Not everyone knows that Colle di Val d'Elsa, in central Tuscany, was the place where Carlo Lorenzini (whose pen name was Collodi) saw the medieval Fonte di Pinocchio. This was probably the source of inspiration for his famous wooden puppet. On the other hand, Colle di Val d'Elsa has always been popular among writers. It’s where Carlo Cassola’s novel La Ragazza di Bube was set as well as Sergio Citti’s film Il minestrone, which starred Tuscan actor Roberto Benigni.
This is the perfect place for a relaxing yet active vacation, as well as for travellers looking to explore local arts and crafts. Here are 5 reasons to visit Colle di Val d'Elsa:
It’s known as the Bohemia of Italy for a reason. Colle di Val d'Elsa has been the centre of Tuscany’s oldest glass works for centuries. Here, you can see master glassmakers at work: gestures and rituals that are part and parcel of the old crystal production traditions.
The turn of the tools and the dexterity and delicacy of the movements come from another era. With their fluid glass and the transparency of the surfaces, the craftspeople resemble wizards capable of moving water and minerals. The material slowly takes shape, obeying the mastery and creativity of the expert. Wine glasses, vases and refined ornaments appear as if by magic to furnish the home and embellish the table.
The alchemy of crystal making has been repeated for centuries in the glassworks of Colle di Val d'Elsa, with the same patience and passion, and the exact same obstinate attention to the purity of the raw materials and finished product.
Known to the Etruscans and Romans, the Caldane are soothing outdoor thermal baths. These hot water springs are located near Gracciano and are famous for their surprising therapeutic qualities, beneficial for various ailments, including skin problems.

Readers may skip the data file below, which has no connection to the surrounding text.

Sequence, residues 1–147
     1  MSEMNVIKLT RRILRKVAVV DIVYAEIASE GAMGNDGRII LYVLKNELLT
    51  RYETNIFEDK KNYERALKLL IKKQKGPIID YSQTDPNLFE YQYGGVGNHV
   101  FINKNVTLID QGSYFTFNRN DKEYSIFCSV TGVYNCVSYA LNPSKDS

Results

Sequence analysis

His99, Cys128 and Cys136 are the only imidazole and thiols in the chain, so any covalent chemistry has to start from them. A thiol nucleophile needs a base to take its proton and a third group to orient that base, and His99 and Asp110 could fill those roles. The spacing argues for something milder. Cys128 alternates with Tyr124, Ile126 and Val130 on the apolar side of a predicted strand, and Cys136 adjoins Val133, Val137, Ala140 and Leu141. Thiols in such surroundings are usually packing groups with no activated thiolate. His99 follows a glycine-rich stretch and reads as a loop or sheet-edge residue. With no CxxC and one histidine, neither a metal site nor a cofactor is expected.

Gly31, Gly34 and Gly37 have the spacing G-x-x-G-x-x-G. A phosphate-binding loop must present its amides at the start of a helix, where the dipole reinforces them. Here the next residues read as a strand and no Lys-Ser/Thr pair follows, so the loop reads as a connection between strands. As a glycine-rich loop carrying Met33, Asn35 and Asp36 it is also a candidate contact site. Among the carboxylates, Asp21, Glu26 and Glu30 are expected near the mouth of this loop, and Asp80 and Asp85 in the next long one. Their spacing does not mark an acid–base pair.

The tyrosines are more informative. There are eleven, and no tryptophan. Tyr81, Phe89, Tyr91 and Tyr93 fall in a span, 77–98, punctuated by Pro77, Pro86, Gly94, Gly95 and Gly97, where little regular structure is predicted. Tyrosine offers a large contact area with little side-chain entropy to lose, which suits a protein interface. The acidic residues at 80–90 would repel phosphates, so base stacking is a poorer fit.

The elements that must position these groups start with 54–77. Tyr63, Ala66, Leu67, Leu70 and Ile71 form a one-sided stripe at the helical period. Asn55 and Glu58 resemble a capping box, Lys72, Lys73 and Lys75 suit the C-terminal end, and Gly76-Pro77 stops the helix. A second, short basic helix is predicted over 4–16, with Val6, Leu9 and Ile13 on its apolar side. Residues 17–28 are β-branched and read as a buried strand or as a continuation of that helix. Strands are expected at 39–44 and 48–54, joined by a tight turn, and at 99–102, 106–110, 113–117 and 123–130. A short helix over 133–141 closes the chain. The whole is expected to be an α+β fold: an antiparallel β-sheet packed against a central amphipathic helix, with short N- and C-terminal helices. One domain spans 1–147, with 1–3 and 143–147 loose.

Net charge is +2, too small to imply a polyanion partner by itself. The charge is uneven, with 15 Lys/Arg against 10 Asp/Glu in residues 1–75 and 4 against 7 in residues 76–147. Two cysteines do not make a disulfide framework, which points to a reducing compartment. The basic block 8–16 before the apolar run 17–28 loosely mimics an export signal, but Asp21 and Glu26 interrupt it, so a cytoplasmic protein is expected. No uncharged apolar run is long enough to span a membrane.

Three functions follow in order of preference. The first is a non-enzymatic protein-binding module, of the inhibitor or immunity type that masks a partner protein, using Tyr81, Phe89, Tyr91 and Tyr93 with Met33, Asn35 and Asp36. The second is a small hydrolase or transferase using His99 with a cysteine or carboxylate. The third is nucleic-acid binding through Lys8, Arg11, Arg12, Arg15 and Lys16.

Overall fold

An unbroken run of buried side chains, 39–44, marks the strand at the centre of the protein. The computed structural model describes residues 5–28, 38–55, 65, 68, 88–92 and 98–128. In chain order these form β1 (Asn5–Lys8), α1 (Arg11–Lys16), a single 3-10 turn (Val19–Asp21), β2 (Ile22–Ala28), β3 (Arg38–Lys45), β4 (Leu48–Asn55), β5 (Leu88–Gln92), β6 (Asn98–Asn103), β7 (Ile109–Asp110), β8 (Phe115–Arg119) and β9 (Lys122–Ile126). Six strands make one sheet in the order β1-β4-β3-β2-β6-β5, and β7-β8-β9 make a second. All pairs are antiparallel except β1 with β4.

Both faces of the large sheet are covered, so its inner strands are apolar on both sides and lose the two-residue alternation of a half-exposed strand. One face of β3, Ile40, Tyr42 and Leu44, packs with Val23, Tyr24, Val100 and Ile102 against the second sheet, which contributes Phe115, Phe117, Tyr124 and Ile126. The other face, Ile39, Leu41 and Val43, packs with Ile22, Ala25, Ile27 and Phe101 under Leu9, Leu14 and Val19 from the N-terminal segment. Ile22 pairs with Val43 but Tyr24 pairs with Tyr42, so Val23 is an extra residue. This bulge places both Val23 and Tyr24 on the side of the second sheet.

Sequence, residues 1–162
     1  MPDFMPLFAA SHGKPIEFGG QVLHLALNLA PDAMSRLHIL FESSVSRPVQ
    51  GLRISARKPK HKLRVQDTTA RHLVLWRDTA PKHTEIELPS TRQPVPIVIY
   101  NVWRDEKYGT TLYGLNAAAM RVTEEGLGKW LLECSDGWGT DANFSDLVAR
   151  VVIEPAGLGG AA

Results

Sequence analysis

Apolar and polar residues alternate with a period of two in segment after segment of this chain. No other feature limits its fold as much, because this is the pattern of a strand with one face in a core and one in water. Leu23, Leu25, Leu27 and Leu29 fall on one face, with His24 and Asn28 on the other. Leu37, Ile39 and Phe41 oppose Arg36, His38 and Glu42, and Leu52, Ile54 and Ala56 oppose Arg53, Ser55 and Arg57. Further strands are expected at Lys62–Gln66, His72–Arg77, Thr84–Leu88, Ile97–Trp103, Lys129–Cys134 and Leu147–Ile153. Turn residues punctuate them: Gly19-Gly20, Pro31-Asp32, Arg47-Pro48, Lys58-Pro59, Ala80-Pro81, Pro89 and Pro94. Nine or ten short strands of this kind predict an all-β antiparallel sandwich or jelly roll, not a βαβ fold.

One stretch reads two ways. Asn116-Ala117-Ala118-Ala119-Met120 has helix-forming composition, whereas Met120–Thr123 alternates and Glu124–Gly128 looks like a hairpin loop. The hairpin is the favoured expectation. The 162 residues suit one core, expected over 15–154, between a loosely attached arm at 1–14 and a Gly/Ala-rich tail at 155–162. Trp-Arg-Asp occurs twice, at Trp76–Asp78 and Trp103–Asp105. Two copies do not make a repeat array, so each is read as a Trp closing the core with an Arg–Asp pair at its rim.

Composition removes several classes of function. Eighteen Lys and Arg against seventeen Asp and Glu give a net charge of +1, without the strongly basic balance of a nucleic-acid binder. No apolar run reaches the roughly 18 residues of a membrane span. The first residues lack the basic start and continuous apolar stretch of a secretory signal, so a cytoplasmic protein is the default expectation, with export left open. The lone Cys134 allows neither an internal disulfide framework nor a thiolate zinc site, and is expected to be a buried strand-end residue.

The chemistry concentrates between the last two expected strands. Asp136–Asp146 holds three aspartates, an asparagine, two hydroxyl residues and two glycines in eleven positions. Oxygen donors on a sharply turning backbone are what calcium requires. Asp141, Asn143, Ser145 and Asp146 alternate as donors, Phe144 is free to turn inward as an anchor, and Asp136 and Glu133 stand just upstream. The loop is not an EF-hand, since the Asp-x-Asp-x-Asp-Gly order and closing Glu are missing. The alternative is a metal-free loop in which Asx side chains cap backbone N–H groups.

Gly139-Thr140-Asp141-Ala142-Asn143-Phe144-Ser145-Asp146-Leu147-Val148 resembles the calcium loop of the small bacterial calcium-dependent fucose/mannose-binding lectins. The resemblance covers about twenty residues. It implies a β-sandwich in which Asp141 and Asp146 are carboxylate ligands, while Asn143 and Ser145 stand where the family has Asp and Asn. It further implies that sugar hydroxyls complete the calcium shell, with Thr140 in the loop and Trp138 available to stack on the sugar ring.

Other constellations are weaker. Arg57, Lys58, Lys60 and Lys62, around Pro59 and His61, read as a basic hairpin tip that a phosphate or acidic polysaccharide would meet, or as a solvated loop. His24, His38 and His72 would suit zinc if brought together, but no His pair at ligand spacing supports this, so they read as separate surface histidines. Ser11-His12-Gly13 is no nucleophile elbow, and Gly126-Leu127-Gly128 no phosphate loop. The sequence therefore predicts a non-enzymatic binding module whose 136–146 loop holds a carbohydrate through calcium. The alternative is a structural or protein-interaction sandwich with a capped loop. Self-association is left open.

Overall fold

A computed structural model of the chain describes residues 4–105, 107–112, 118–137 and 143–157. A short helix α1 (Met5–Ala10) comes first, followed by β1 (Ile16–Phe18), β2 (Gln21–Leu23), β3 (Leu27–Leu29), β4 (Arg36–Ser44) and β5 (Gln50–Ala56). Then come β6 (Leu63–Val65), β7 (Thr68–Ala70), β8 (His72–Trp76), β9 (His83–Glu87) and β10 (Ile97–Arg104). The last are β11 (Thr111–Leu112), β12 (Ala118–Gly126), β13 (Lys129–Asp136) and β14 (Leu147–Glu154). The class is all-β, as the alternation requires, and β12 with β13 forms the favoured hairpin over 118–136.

The old baths, partly razed and later restored, are still used by locals.
Hiking lovers can walk the Sentierelsa, a 4km long route that starts by the San Marziale bridge, winds along the Elsa river and reaches Ponte di Spugna.
Along the way you can glimpse the remains of old waterways, waterfalls like Diborrato and Grotta dell’Orso, so-called due to its resemblance to the bear (“orso” means bear in Italian).
Enjoy a carefree sunny day and bring a picnic.
In Colle di Val d’Elsa there’s an old urban section of the Via Francigena described by Sigeric, the Archbishop of Canterbury. This road is an alternative to the official route and it’s a chance to sleep overnight in the delightful historic centre.
The famous Italian sculptor, architect and urban planner Arnolfo di Cambio was born in Colle di Val d'Elsa. He was active in the late 1200s and the early 1300s. A yearly competition is named after him, consisting of nativity scenes as a symbol among the people. The most beautiful nativity scene receives a prize every December.
San Marziale patron saint’s day takes place in the summer, bringing food stalls, a cycle race and boat regatta to the town’s Elsa river as well as an impressive firework display. Last but not least, there’s the Festival of the Holy Nail. The cathedral is said to contain a nail from Christ’s crucifixion, which is paraded around the town on the first and last weekend in September.